The man with the red guitar

I’ve debated whether to write this story or not, simply because I don’t want people to get me wrong. It’s one of my struggles in life to be misunderstood. It’s why more often than not I stay silent. It’s probably for that exact reason that I prefer taking pictures and let them speak for me.

But here goes…

It’s a Wednesday night as I walk into the metro station with my girls. A friendly looking man with a red guitar passes the ticket gates at the same time as us. I love music and have a great appreciation for everyone making music instead of leaving that dream in a sealed box like I have; I smile at him and move on.

We walk onto the platform to wait for the metro. The man stops and stands right next to us. I figure he noticed my smile and wants to talk for a bit, after all Paris can be quite lonely at times. What happens next is not what I expected.

In the blink of an eye I see him lift his guitar in an attempt to slap me with it. He starts ranting: “Vous les blancs!” (You white people!). My initial reaction is shock. Wasn’t I just being nice to him? How is it that I deserve this kind of treatment? At the same time, I realize it’s not me, I have never seen this man before. His anger came before me and I just sparked it in that moment. My fear leaves my body. I’m trying to hear what he’s saying. I want to listen to his story, because I’ve learned over time that one of the most important things in life is being heard.

While trying to make conversation he lifts his guitar again. As he tries to hit me a second time I feel a hand on my arm and hear one of my girls say that her sister is crying from fear of me getting hurt. I had completely forgotten about my girls being there with me and as much as I want to hear this man’s story, the priority I have is with my kids. I move back into mom mode. I look at the man and tell him: “Stop! I hear your anger, but it’s unacceptable to scare my kids. They are too young; they don’t need this fear.”

It’s with those words that he snaps out of it. He too becomes calm, looks at me and my kids and apologizes profusely. We shake hands and get on different parts of the metro.

A couple of days later I see him again; asleep at the feet of Edith Piaf.

“Entre tes bras, dans le calme des nuits,
J’ai tant besoin d’oublier tout ce bruit !
Délivre-moi de l’enfer de cette vie…
Fais-moi mon coin de paradis…” ~ Edith Piaf

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Follow your (he)art!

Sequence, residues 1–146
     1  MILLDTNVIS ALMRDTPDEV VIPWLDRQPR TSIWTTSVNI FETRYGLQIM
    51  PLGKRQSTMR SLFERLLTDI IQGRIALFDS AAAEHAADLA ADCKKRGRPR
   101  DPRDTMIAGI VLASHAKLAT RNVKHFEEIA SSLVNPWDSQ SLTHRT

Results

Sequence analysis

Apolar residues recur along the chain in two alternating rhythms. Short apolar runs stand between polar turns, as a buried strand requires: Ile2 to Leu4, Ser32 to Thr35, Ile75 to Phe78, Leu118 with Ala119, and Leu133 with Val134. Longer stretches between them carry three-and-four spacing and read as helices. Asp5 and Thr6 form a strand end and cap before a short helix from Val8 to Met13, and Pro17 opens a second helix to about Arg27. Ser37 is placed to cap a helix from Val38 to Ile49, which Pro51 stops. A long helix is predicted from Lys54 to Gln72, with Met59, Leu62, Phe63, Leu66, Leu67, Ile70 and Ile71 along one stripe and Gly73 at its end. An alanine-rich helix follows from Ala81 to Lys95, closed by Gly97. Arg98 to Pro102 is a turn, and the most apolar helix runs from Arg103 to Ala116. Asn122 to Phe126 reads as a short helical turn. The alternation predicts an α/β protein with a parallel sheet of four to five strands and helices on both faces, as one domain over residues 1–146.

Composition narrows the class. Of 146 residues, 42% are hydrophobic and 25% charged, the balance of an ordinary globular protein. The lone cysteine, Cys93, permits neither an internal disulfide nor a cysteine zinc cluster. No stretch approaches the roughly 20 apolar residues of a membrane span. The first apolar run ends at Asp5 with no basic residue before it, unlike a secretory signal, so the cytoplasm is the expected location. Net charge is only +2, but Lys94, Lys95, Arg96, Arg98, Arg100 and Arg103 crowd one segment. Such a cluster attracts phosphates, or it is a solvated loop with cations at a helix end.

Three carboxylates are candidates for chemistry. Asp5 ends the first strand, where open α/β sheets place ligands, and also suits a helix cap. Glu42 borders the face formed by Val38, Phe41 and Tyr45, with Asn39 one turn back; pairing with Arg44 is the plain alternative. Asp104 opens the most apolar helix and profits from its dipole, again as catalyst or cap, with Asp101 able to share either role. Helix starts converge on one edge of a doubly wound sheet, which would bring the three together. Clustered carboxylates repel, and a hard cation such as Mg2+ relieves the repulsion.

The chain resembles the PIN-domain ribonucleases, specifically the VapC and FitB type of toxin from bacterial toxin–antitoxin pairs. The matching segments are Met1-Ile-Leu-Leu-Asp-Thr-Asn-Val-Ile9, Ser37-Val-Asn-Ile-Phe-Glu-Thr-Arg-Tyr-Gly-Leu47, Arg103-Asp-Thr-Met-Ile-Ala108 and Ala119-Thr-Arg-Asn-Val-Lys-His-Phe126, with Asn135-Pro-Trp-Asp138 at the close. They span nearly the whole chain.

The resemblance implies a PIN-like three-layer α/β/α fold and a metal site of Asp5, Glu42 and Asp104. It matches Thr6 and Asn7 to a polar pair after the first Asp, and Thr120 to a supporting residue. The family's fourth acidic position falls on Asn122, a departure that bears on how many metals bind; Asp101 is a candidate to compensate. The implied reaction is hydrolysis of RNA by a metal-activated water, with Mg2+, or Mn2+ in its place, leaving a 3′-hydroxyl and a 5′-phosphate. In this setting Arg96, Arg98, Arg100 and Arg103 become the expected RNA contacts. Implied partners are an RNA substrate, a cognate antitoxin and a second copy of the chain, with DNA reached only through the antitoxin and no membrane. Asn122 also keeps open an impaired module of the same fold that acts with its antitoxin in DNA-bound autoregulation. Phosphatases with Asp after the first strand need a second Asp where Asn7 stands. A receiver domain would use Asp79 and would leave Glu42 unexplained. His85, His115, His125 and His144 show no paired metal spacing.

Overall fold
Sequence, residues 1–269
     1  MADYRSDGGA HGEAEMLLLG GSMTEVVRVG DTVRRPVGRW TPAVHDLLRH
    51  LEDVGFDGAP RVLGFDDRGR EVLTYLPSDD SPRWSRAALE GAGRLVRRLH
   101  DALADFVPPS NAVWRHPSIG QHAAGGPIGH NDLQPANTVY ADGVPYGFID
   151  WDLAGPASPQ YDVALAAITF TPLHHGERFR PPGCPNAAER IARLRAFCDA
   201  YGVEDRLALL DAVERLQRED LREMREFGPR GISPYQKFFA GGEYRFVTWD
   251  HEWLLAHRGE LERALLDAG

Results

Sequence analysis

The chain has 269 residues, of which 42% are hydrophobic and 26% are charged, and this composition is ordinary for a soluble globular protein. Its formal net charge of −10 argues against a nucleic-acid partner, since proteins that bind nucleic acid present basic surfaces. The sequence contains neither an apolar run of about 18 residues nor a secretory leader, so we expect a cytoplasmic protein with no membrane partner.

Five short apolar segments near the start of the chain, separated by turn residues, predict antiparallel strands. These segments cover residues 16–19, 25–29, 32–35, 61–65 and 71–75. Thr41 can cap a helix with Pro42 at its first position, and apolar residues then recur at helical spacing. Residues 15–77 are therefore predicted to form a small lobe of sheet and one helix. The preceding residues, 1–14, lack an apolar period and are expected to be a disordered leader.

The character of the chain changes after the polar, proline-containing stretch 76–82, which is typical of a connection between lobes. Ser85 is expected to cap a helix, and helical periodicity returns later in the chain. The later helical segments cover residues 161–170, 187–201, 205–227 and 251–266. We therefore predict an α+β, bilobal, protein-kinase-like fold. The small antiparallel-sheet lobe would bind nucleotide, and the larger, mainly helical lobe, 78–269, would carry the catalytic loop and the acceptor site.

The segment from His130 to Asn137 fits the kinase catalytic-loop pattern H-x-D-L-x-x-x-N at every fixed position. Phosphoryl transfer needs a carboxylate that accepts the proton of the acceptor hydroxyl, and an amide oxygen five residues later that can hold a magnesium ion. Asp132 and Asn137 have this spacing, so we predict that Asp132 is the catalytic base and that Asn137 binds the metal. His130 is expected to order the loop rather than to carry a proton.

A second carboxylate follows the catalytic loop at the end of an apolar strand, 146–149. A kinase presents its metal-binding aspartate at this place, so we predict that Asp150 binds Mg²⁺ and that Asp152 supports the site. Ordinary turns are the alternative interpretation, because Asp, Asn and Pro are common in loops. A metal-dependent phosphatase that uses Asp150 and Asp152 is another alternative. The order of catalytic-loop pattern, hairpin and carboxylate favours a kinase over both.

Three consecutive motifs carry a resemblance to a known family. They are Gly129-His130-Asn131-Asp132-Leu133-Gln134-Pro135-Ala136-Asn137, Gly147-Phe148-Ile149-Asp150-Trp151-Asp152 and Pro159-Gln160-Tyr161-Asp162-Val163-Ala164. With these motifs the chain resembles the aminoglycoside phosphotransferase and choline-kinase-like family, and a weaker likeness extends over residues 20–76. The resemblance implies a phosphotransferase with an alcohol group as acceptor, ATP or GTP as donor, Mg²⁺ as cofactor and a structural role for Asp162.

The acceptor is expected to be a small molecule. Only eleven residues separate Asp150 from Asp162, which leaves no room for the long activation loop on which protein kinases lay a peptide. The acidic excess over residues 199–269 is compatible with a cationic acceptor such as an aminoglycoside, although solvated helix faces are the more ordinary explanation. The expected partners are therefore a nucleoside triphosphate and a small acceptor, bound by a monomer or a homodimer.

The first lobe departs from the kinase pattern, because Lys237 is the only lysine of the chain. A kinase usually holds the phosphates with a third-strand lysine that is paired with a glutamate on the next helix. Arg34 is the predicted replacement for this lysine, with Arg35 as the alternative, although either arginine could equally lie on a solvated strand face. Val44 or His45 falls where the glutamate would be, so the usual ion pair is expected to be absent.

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The picture looks to be about two friends chatting on what looks like just an every day metro ride in Paris. To be honest, I made it look that way simply because the man sitting next to them intrigued me…

So much so that when I saw him getting his camera out I walked up to him. I wanted to hear his story, I wanted to know what pulled me towards him, and the only way to make that happen was by listening to what he wanted to share with a stranger.

Much to my surprise the conversation went from 0 to a 100 in minutes.

He told me about following his heart, about being true to himself in his photography career, even though that made him lose out sometimes. But nothing was more important to him than being true to himself.

Boom!

I no longer had to wonder what that pull was that I had felt.  I simply needed to hear this man’s story, because following my heart, being true to myself and being afraid of losing out (not just money) are all things I have been struggling with over the years.

He was there to hold up the mirror of my life!

“Look for the helpers”

I’ve just finished reading an article about vicarious trauma by Annie Wright and am actually still feeling this all through as I write…

Vicarious trauma and the subsequent grief for the state of the world we live in; it’s definitely something I’m very sensitive too. It’s for that reason that I keep following news outlets to a minimum and will hide posts in my Facebook feed.

But even when I do that, I can’t really get away from reality, nor should I.

Yesterday my girls and I went to the yearly event Paris Plage. An afternoon out and about on a makeshift beach in the center of town. Unfortunately the state of the world is such that the entrance is guarded and soldiers are on patrol, as you can maybe make out in the picture.